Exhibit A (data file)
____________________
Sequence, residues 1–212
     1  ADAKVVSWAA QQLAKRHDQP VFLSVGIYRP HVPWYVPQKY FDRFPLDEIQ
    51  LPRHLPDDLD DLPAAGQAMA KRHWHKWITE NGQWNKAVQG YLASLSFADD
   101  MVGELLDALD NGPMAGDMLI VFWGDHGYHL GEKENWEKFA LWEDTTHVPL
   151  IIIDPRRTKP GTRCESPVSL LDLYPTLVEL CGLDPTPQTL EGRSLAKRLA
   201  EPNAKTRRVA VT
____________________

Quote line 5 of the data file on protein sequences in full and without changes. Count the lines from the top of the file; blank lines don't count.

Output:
   151  IIIDPRRTKP GTRCESPVSL LDLYPTLVEL CGLDPTPQTL EGRSLAKRLA